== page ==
Costs of Welsh medium provision at higher education institutions in Wales

Sector: Economics of Education | Education
Client: Higher Education Funding Council for Wales (HEFCW)
Published: April, 2023
Document type:  

In April 2022, LE Wales were commissioned by the Higher Education Funding Council for Wales (HEFCW) to undertake research on the cost of Welsh medium provision in Welsh higher education institutions (HEIs). The research aimed to determine whether there are additional costs associated with the delivery of Welsh medium higher education provision at HEFCW-funded institutions in Wales and, if so, what these costs are and how they differ to those for English medium provision. The aims to inform the current review of HE teaching funding methodologies. This research updates some elements of previous work undertaken for HEFCW by London Economics in 2006.

The data used in our analysis were based on a survey sent to the Welsh higher education institutions, and also to 3 Welsh FE colleges delivering validated HE qualifications. Our main analysis assessed the costs of HE modules per student per credit, distinguishing between English medium modules on the one hand and Welsh and bilingual modules on the other.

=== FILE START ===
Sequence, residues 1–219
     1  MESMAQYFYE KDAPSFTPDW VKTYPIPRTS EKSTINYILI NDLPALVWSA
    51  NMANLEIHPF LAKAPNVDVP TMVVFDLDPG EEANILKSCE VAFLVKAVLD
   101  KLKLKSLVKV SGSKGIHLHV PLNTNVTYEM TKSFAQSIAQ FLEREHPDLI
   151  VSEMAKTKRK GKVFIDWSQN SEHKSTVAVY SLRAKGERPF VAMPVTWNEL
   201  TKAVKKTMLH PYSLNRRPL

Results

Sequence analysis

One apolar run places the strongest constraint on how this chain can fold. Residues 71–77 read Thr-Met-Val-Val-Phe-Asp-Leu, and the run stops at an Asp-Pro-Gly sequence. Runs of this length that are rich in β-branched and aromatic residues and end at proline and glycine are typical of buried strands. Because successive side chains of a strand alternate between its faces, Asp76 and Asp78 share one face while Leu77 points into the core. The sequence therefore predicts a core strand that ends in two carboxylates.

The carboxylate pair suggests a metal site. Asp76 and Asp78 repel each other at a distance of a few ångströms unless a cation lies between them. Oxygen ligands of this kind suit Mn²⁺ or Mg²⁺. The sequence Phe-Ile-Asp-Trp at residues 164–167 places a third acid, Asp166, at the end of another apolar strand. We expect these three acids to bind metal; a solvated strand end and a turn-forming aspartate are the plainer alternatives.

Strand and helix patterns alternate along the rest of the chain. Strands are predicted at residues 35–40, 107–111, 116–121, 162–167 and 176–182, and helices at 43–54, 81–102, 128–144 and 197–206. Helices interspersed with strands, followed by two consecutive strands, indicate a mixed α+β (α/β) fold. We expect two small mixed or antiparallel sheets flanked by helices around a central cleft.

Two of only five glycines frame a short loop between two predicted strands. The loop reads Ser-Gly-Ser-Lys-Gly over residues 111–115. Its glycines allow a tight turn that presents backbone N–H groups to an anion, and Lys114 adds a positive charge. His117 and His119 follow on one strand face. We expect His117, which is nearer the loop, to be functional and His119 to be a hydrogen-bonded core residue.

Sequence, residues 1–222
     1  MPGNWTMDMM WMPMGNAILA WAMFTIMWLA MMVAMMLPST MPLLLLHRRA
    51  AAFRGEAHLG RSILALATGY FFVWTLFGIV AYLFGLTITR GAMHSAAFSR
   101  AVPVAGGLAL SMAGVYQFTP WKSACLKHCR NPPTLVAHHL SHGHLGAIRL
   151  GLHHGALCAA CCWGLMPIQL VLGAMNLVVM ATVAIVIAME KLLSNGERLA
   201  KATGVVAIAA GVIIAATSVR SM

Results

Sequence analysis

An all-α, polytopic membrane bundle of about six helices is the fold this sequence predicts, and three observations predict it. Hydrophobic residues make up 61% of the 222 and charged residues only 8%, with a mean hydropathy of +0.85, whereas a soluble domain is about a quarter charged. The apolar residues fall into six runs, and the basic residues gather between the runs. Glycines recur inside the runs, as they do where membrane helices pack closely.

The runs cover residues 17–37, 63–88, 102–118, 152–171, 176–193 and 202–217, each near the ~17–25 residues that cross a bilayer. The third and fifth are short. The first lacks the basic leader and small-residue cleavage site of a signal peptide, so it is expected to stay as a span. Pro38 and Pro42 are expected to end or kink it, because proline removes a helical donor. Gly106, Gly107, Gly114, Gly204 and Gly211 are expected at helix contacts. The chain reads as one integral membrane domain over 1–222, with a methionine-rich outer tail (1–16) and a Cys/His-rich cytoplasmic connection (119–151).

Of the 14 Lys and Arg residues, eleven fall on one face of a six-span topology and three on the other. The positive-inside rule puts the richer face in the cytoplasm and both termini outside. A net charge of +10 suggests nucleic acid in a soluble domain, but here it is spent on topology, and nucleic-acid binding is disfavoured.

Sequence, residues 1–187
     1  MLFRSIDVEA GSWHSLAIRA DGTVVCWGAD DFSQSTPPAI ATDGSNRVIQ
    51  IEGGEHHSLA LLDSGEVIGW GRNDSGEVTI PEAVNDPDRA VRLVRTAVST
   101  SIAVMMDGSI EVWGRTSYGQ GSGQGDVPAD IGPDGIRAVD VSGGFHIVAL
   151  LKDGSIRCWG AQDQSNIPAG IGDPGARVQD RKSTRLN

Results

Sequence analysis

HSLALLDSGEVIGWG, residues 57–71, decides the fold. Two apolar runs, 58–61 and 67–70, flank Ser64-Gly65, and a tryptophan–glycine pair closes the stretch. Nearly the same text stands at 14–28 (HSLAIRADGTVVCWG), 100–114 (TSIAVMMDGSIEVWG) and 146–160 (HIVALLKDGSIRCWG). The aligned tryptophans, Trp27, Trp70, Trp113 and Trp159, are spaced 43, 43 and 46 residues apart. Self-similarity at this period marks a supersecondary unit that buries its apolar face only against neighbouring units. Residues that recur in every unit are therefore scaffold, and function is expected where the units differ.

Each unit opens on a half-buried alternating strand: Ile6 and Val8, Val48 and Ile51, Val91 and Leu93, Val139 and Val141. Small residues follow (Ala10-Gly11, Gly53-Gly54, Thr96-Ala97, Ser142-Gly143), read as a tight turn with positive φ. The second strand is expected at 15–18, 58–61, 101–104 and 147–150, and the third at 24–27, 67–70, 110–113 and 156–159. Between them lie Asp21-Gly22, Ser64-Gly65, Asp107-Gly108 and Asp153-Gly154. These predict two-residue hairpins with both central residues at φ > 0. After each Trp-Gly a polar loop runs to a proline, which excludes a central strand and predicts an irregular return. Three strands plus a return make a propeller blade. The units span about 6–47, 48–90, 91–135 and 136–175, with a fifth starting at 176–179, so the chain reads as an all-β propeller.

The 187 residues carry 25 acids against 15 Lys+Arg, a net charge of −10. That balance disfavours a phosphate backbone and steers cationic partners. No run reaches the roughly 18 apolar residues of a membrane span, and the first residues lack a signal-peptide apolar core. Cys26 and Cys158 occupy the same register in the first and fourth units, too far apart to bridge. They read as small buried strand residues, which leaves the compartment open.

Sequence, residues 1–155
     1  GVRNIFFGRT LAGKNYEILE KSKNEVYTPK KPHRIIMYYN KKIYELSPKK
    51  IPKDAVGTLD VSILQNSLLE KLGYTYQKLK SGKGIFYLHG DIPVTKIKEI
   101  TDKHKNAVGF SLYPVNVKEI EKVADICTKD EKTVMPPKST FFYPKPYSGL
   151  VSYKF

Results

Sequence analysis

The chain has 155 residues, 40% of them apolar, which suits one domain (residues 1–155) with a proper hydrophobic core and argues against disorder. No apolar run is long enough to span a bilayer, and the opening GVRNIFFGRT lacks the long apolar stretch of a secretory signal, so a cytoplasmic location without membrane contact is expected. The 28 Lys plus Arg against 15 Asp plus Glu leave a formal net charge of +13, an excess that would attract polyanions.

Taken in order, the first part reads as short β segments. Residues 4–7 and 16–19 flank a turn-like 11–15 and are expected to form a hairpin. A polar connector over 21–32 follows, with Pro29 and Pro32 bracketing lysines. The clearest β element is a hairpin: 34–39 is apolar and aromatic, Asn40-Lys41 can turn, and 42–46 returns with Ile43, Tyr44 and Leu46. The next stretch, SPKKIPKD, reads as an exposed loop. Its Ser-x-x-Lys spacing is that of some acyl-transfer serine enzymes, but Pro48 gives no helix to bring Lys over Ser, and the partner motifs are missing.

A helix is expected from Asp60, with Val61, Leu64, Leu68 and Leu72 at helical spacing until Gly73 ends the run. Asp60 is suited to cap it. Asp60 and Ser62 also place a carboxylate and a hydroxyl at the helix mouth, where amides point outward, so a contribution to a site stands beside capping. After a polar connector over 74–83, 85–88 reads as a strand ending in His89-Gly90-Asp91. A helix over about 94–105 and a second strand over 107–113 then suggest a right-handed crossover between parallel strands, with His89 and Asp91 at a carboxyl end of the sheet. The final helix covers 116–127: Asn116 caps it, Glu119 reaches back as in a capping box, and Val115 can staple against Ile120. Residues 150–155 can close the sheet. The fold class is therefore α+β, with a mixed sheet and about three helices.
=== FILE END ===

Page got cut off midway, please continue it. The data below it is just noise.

Our analysis of costs suggests that, overall, the additional costs per student per credit of WM provision have increased since our previous analysis in 2006 and that one of the main reasons for this is that an increase in the numbers of students on English medium modules has not been matched by a similar increase in the numbers of students on Welsh medium modules. The extent to which WM costs per student per credit are different to EM costs varies considerably by type of provision. Across all types of provision the median cost per student per credit of WM modules is £19, whereas the median cost of EM provision is £9. From our analysis of costs, we also conclude that the main factors that could be candidates for driving any other changes to the structure of WM premium funding are:

  • module size (student enrolments);
  • whether or not a module is being newly provided (as new or substantially revised modules typically incur higher costs due to the additional preparation time required);
  • whether or not the students enrolled on a module are mainly part-time students (this is reflected in the current approach used to apply the WM premium); and
  • whether the subject falls into the ‘STEM and Medicine’ subject area (which typically require a higher number of hours, e.g. due to laboratories or other activities).

By far the most important of these is the number of students enrolled on a module. In fact once we control for module enrolment size, there is little difference in costs between WM or bilingual modules and EM modules. “